Autoimmune Update: Long Meditations on Hold, Possible Short-Term Fasts on Deck

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Hello, friends old and new, here’s an update.

When I wrote the last post, I’d just been to see Doc. He recommended that I look into the work of Dr. Joe Dispenza. If you’re not familiar with him, the long and short of it is that after he healed himself from a paralyzing accident (he was hit by a car while bicycling), he went on to study mind/body connections and various approaches to health and wellness (he had already been a chiropractor).

Without getting into all the science, people have healed themselves from various health issues through his methods. (There’s a lot of science behind it and I’m not the person you want to learn it from–if you’re interested, check out one of Dispenza’s books, like You Are the Placebo, or watch some Ted talks on neuroplasticity and mind/body healing–and no, I don’t get any kickback for recommending his book. I’m not even totally sure I recommend it, yet.)

I’m a huge believer in our power to heal ourselves and in the back of my mind, I’ve long thought there was something, some nut to crack, that I hadn’t quite figured out yet that would help lead to healing from my autoimmune issue (the hair loss, aka, alopecia universalis, totalis, areata–I’ve had them all and then some).

What reading Dispenza’s writing (and watching a few videos on YouTube) has made me realize is that, whenever I’ve tried to resolve this through meditation and thought, I’ve always looked backwards. In other words, I’ve always looked for something that I needed to ‘undo’–whether it’s trauma from the car accident, chronic stresses in childhood and young adulthood, whatever.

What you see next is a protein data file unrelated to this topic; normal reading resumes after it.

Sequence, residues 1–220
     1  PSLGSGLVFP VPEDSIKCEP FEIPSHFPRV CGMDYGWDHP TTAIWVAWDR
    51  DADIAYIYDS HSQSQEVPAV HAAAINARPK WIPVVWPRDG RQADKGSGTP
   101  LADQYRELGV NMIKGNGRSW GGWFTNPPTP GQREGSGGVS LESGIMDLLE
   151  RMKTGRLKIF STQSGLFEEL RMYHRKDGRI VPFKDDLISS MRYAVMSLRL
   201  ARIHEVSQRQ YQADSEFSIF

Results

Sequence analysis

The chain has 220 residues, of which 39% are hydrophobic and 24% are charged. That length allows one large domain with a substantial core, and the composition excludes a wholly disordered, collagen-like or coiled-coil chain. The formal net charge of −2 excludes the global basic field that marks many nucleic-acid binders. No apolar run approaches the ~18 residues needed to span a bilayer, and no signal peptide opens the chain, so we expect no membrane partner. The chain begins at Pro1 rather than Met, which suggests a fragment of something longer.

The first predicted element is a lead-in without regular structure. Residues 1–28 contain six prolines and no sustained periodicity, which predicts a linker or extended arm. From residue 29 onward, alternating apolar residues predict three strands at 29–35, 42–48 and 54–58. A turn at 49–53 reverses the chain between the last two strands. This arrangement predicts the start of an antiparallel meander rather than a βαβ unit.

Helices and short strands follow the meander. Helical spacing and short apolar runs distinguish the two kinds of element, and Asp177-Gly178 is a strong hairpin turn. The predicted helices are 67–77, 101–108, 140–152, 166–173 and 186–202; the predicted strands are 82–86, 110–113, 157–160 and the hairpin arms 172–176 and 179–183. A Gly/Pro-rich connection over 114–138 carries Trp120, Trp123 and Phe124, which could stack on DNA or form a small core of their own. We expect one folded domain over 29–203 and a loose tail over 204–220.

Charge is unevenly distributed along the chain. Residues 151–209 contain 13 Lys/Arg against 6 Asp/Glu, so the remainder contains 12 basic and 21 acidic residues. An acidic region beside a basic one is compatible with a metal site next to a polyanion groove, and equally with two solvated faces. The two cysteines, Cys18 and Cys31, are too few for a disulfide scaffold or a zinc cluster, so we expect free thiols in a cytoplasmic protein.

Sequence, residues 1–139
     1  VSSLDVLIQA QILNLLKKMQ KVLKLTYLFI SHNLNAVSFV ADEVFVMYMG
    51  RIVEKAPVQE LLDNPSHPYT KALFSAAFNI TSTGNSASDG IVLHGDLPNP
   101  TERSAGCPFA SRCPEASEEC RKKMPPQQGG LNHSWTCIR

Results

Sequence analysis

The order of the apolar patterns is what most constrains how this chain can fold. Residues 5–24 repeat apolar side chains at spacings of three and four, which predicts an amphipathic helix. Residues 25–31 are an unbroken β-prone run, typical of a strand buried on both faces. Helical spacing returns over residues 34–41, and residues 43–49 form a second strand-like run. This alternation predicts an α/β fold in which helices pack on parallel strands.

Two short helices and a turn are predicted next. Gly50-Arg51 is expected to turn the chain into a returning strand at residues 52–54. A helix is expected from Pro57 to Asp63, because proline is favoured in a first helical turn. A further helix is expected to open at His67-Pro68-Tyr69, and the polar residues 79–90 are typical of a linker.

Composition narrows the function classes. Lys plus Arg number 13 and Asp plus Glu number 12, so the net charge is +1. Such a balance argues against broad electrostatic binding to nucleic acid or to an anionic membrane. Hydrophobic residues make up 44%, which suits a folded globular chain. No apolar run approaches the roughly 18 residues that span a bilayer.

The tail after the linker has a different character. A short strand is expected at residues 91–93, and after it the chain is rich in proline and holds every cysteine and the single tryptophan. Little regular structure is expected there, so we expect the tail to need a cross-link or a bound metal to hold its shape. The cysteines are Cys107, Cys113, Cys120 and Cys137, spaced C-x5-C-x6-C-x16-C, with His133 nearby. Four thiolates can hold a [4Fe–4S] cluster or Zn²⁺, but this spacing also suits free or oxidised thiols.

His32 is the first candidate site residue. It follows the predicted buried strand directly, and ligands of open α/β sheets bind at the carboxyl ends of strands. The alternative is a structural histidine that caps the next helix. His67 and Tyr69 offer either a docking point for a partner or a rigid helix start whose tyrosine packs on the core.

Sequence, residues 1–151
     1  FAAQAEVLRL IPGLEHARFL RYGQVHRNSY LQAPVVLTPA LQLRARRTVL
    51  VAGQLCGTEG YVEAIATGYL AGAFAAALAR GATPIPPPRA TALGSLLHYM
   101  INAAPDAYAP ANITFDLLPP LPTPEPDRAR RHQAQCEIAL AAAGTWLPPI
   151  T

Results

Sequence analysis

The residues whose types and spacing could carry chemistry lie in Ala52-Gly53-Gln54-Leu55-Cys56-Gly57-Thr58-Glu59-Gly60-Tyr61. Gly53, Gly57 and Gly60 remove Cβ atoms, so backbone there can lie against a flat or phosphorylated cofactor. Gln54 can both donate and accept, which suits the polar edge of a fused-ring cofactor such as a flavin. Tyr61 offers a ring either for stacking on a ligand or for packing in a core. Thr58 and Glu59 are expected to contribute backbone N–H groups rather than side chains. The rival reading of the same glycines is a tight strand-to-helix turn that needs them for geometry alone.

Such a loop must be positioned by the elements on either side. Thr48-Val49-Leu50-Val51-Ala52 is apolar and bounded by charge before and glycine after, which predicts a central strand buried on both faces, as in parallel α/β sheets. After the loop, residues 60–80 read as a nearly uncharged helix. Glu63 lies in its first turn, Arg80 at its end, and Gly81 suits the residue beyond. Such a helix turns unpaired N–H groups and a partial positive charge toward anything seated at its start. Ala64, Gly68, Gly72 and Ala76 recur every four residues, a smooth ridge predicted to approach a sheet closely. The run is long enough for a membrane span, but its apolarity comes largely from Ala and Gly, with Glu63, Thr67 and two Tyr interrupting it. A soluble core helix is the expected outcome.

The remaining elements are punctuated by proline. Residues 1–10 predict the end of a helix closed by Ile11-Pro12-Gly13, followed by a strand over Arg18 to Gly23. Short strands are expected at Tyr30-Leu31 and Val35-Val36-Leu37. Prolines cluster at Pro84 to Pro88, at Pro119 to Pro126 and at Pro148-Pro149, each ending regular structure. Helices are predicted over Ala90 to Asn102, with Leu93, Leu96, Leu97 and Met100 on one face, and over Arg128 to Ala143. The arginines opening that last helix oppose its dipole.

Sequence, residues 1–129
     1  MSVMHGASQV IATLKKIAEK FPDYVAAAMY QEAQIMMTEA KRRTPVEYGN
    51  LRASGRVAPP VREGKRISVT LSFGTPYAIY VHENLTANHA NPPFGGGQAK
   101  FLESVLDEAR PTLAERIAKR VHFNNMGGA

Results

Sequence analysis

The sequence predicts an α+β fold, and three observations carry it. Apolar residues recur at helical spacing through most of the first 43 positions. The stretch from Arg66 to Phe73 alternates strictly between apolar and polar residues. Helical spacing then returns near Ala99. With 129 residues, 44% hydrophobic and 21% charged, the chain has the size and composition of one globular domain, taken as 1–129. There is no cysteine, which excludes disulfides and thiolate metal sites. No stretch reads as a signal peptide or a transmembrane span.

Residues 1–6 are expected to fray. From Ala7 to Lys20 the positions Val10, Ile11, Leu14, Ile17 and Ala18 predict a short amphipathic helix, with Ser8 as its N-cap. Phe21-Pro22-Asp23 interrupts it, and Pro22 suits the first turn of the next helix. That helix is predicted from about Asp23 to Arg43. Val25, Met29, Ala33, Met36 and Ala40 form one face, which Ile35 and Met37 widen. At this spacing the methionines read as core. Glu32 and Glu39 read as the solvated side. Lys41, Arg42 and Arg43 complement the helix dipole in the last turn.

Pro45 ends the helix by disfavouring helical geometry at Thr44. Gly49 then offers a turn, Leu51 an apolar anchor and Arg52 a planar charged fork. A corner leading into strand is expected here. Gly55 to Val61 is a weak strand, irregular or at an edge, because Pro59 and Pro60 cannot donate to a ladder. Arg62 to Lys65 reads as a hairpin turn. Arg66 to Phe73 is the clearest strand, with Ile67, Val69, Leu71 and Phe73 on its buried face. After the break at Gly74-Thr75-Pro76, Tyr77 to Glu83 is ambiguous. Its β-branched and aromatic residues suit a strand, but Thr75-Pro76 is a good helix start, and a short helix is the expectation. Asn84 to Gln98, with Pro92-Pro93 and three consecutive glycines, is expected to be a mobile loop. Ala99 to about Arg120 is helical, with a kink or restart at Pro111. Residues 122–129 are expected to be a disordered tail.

But doing this is much like if Dispenza had only visualized his life before his accident. What good would that do?

If this is to work, then it’s not about trying to mentally undo things that I’d experienced years ago but, rather, creating an entirely new future, a newish me, if you will, in my mind–one that includes a healthy immune system, and even a full head of hair.

So, I plan on trying this–but not right away. And that’s because these meditations take big time commitments (45-60 minutes, twice a day, ideally) and things in life have popped up that need much more of my time and attention than usual and, for the foreseeable future, that will continue.

It’s not an excuse, it’s purely logistics. And no matter how much I’d like to believe that I have superpowers that can heal me, I can’t slow Earth’s rotation. So, alas, we’re all still stuck with just 24 hours in a day, give or take a few seconds.

That said, though, this weekend I will get back on the 10-minute meditation track, as even a tiny chunk of time helps me immensely.

And all that said, there is something else I’d like to try and that I can fit in–as long as I can dredge up a deeper willpower than I’ve exercised in a while.

For several years, since an article was first published in summer 2014, I’ve followed the work of Dr. Valter Longo at the University of Southern California. He’s a researcher into longevity and health and has done a lot of fascinating work.